Prisoner numbers in highly successful rehabilitation scheme cut by half
Irish Prison Service says latest figures reflect the programme’s strict selection process
A prison officer in Mountjoy Prison in Dublin. Photograph: Cyril Byrne
The number of prisoners admitted to an early release programme which has a 90 per cent success rate in preventing reoffending has been cut by half in recent years.
Under the Community Return Scheme, inmates serving a sentence of more than one year and less than eight years are eligible for early release on condition they have completed at least half of their term and are not judged a threat to the community.
In return they must perform community service for an agreed period of time. Most participants are near the end of their sentences, and would ordinarily serve that time in an open prison.
According to one 2014 study, Community Return participants contributed over €1.7 million worth of unpaid work to the community.
Another study showed 91 per cent of those who completed the programme in 2011 had not returned to prison over the following two years.
The Irish Prison Service (IPS) calls the Community Return programme “one of the success stories for the criminal justice system in recent times”. It has won national and international awards and a 2014 IPS evaluation recommended its expansion.
Instead, the IPS has more than halved the number of prisoners being admitted into the programme. The numbers have been trending downwards since at least 2015 when there were usually well over 100 prisoners on Community Return at any one time.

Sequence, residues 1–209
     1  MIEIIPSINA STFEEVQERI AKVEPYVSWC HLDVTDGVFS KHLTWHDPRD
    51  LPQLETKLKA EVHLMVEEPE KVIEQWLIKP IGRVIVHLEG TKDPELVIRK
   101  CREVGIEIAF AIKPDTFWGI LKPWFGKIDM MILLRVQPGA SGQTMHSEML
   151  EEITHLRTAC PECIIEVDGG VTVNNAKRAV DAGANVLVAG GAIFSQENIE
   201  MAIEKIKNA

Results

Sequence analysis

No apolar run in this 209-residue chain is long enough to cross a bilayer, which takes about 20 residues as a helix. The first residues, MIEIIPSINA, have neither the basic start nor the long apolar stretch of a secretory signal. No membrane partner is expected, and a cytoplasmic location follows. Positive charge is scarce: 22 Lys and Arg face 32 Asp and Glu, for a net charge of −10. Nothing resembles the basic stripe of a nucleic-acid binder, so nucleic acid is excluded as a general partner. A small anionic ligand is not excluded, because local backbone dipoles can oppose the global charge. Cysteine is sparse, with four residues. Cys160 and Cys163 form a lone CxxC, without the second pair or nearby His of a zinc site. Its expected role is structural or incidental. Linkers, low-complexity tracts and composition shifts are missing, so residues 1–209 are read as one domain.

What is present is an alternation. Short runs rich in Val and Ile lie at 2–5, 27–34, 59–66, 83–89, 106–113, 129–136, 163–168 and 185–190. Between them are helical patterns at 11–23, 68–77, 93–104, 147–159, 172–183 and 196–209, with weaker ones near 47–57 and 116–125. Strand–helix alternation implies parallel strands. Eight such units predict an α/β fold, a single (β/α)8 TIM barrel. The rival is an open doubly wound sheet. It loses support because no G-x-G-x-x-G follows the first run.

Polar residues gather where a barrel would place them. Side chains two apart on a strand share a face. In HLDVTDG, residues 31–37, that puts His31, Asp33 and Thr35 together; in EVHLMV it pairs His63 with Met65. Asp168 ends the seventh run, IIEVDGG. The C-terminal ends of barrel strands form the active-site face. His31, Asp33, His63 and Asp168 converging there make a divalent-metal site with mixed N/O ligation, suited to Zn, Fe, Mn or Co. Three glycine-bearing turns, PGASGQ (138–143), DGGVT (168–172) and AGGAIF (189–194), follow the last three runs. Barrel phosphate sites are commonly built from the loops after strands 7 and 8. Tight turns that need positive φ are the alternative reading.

So far in 2019 that number has seldom been more than 50 and is often significantly lower, according to the latest prisoner population statistics.
Asked about the decline, an IPS spokesman said prisoners need to go through a selection process before admission to the programme.
“The numbers currently engaged in the process are those who were selected as suitable.”
The IPS said the current high compliance rate is a reflection of the strict selection process.
The trend has caused alarm among prison reformers such as the Irish Penal Reform Trust (IPRT) especially as it comes at a time when overcrowding is again becoming a problem in prisons.
Currently six out of the country’s 11 prisons are over capacity, with inmates in some institutions having to sleep on the floor.
“IPRT is very concerned at the reduction in the number of prisoners accessing the community return programme, considering its proven success at reducing prisoner numbers safely and supporting reintegration into the community,” said IPRT executive director Fíona Ní Chinnéide.
“The burden on the prison system is reduced, and the community gains from unpaid work carried out. It’s a win-win programme for everyone.”
Currently prisoners serving presumptive mandatory minimum sentences for drugs and firearm sentences are “stat barred” from accessing temporary or early release programmes like Community Return. Ms Ní Chinnéide argues this makes little sense.
“Temporary release plays a critical role in supporting reintegration for people leaving prison and for their families and communities. It simply does not make sense to exclude any category of offender from accessing this important rehabilitative mechanism.”
She also called for research into why the programme is less successful for female prisoners. Women are significantly more likely to commit an offence after completing the programme compared to men, despite having a lower recidivism rate in general.
“There is wide recognition that offending by women is better dealt with in the community, and therefore any barriers, such as access to safe and secure housing and mental health supports in the community, must be removed.”